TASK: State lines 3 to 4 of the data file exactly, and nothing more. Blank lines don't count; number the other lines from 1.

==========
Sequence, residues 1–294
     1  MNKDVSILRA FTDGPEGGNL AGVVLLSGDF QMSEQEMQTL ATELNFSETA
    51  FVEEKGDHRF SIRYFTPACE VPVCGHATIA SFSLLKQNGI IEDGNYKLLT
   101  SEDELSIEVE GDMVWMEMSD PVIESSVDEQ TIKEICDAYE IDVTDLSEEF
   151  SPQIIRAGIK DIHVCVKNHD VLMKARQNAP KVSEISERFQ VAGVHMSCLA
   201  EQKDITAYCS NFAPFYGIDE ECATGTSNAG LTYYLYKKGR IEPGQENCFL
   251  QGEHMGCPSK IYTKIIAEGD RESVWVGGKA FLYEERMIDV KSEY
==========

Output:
    51  FVEEKGDHRF SIRYFTPACE VPVCGHATIA SFSLLKQNGI IEDGNYKLLT
   101  SEDELSIEVE GDMVWMEMSD PVIESSVDEQ TIKEICDAYE IDVTDLSEEF